I serve on the House Agriculture Committee, where I work to promote nutrition in our schools, safeguard the rights of farm and forestry workers, support California's thriving agriculture industry, and advance the use of renewable fuels in our country.
My top priority on the Agriculture Committee is to create positive partnerships between the agriculture industry and the American public in order to improve nutrition in America and encourage healthier lifestyles, particularly among our nation's children. As Chairman of the Agriculture Subcommittee on Department Operations Oversight, Nutrition, and Forestry, I continue to play a key role in the debate on federal nutrition policy.
The 2008 Farm Bill expanded nutrition benefits for over 13 million American families. But with the current economic crisis, record numbers of families are suffering from unemployment that too often leads to food insecurity. My Subcommittee has remained active on exploring ways to expand access and eligibility to federal nutrition programs like SNAP and the school lunch program. The Agriculture Committee has led the way this Congress in expanding programs and funding that encourage the development and use of renewable fuels that can take advantage of the wide variety of natural crops and fuel sources we have available to us to fight climate change and lower our dependence on foreign oil.
From specialty crops to poultry to dairy products, California has a wide and diverse agricultural tradition, and I will continue to fight for these interests as we move forward in 2010. I have been active in the fight to provide our struggling dairy industry with the support and price mechanisms needed to survive the economic downturn.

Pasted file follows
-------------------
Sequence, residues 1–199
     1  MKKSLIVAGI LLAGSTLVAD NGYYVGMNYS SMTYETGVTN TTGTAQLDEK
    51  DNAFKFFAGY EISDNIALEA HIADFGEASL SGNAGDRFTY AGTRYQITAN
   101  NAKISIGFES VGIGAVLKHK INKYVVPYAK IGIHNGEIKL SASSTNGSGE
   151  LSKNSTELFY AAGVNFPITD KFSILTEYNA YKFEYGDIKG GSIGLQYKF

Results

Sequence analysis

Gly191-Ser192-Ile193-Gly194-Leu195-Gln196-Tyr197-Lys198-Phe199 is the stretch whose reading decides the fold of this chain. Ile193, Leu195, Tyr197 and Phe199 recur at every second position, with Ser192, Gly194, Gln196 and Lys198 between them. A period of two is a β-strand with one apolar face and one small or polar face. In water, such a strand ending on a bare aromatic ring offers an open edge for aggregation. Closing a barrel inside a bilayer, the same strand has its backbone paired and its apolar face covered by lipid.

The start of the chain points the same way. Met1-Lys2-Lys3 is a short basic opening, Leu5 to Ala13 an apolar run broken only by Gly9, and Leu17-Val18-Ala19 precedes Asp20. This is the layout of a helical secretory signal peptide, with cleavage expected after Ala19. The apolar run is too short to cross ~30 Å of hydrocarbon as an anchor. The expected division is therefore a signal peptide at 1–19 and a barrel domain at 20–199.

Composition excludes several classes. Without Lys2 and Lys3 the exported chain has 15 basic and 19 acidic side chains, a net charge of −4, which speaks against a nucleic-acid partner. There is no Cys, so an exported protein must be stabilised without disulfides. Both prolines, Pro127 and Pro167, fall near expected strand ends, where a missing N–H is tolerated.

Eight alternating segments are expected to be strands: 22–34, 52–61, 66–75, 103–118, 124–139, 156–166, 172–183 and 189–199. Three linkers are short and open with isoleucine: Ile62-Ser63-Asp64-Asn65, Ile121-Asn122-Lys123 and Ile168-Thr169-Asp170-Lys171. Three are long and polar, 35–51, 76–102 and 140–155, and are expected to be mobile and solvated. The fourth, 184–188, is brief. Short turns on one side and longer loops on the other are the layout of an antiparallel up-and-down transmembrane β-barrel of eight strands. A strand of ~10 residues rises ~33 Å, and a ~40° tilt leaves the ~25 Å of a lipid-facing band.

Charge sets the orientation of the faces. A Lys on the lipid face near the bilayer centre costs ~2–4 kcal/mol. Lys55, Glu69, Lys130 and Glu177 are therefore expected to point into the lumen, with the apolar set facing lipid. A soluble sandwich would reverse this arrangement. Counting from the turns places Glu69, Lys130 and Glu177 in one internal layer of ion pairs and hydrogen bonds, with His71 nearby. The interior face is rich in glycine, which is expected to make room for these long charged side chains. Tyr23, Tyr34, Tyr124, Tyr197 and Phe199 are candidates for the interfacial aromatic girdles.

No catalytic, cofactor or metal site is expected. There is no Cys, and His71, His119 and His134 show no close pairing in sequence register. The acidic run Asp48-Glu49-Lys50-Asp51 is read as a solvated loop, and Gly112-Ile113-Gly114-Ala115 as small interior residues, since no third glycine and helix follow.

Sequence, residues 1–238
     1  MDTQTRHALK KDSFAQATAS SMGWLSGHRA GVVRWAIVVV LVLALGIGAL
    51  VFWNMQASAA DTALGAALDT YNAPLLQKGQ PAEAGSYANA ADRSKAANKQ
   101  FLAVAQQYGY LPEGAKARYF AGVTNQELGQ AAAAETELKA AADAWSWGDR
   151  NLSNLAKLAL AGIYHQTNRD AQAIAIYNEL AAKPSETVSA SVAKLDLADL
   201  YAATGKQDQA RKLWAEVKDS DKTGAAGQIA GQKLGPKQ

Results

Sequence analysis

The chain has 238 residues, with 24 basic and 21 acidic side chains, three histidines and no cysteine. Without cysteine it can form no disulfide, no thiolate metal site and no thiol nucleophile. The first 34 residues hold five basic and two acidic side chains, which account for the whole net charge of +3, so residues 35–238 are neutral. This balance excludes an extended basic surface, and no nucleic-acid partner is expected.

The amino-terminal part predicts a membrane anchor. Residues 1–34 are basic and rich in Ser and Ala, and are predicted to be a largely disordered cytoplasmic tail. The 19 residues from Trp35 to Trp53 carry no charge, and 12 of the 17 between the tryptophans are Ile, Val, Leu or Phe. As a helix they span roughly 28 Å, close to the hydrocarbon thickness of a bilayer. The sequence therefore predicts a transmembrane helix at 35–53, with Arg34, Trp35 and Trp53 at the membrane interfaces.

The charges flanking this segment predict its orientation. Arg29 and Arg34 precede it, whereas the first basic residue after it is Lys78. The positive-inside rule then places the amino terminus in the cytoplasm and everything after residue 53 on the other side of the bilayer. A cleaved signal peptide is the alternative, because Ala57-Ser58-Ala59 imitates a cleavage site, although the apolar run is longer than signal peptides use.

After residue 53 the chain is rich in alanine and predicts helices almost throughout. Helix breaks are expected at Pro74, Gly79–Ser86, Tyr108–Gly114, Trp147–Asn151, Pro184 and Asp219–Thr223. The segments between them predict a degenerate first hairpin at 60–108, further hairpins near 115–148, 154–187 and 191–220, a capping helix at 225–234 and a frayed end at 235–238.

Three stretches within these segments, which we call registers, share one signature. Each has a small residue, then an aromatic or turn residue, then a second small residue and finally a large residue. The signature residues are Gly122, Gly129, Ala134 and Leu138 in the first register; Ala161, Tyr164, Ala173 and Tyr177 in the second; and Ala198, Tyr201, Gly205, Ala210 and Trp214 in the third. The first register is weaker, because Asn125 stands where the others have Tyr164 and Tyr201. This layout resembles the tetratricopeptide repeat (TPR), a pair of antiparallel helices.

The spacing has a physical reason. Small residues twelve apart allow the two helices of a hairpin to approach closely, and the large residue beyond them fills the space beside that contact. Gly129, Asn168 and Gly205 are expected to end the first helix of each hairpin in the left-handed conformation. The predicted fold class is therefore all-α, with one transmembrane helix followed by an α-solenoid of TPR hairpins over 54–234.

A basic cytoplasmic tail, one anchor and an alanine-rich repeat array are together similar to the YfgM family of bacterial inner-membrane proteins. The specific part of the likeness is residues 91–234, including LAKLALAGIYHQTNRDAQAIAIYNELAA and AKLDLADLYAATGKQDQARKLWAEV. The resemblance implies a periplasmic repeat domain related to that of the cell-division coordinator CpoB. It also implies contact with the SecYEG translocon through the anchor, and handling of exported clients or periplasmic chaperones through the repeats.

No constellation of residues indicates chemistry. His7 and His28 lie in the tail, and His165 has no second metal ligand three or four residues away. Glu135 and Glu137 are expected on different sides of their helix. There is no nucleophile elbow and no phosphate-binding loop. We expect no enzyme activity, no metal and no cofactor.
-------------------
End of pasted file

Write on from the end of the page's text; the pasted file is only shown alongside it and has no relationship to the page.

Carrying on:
I am also dedicated to upholding civil rights within the agriculture industry, particularly in regards to ensuring the legal rights and workplace safety of thousands of farm and forestry workers across the nation. I am also working to bring greater success to the U.S. Department of Agriculture's Office of Civil Rights, and have encouraged the USDA to settle its outstanding discrimination lawsuits with minority farmers and ranchers.
As Chairman of the Agriculture Subcommittee on Department Operations, Oversight, Nutrition, and Forestry, I have hosted a number of hearings this 111th Congress to examine how to best improve the nutrition and health of the American Public. These include:
* Hearing Studying the Economic Impact of Obesity in America: Held in March in Washington; expert witnesses spoke on the health and economic effects of obesity on America. A strong focus was given to childhood obesity -- and the need for better nutrition education and prevention programs. All total, it is estimated that obesity costs the American public somewhere between $77 to $118 billion annually in illness, and lost worker productivity.
* Field Hearing in Lincoln, Nebraska, to Review New Approaches to Nutrition and Wellness: Held in August, expert witnesses spoke on new and innovative ways to improve nutrition and wellness programs. Currently, more than two-thirds of American adults are either obese or overweight, and health related spending on obesity has risen to $147 billion annually. We must study how to best combat this epidemic and lower the burden of health care costs we all share.
* Field Hearing in San Bernardino County, to Review Snap Participation Rates and Obesity: Held in January of 2010 at the Arrowhead Regional Medical Center in Colton, the hearing examined strategies to enroll more struggling families in federal nutrition programs like SNAP, and the importance of better nutrition outreach and education in fighting the obesity public health epidemic.